With this introduction to the work of Andrea Palladio (1508–1580), TASCHEN’s Basic Architecture series shines its spotlight on one of the most influential figures in the history of Western architecture. Palladio’s “Villa Rotonda” in Vicenza became the most famous building of its kind; it influenced many later designs and remains an important source of inspiration for today’s architects. The Palladian style, distinguished by the typical Serlian windows, pillared façades resembling Roman temples, symmetrical floor plans, and elevations, was imported to other European countries and became widely known; in Great Britain it was one the important roots of 17th and 18th century architecture. In the 19th century, American architecture heavily referred to the style, as seen in, for example, Thomas Jefferson’s Monticello home.
Manfred Wundramstudied art history, archaeology, music history, and German literature. He taught art history at Ruhr University in Bochum for many years and has published widely on Early and High Renaissance.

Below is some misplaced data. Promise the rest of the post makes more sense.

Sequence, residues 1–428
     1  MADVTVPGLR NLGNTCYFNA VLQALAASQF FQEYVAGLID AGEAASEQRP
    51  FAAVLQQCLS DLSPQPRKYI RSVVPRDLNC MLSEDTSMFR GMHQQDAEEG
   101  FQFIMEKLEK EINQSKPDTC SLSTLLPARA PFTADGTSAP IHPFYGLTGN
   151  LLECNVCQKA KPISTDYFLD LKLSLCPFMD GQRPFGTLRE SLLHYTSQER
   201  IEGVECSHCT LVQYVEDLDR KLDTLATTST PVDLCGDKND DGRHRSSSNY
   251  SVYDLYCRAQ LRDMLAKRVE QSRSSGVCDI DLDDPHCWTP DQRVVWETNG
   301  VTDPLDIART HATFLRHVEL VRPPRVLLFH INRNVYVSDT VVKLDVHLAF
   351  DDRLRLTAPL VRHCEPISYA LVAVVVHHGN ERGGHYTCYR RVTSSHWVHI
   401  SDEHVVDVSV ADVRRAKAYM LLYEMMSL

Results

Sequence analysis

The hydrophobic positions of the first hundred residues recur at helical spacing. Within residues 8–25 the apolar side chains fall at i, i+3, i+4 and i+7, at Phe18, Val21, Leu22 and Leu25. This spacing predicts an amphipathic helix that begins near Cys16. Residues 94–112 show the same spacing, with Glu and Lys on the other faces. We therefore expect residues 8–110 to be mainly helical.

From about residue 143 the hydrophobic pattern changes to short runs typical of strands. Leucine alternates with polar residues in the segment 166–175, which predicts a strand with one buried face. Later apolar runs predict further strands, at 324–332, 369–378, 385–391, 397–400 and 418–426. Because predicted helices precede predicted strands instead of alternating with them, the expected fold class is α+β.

About the series
Each book in TASCHEN’s Basic Architecture series features:
an introduction to the life and work of the architect
the major works in chronological order
information about the clients, architectural preconditions as well as construction problems and resolutions
a list of all the selected works and a map indicating the locations of the best and most famous buildings
approximately 120 illustrations (photographs, sketches, drafts, and plans)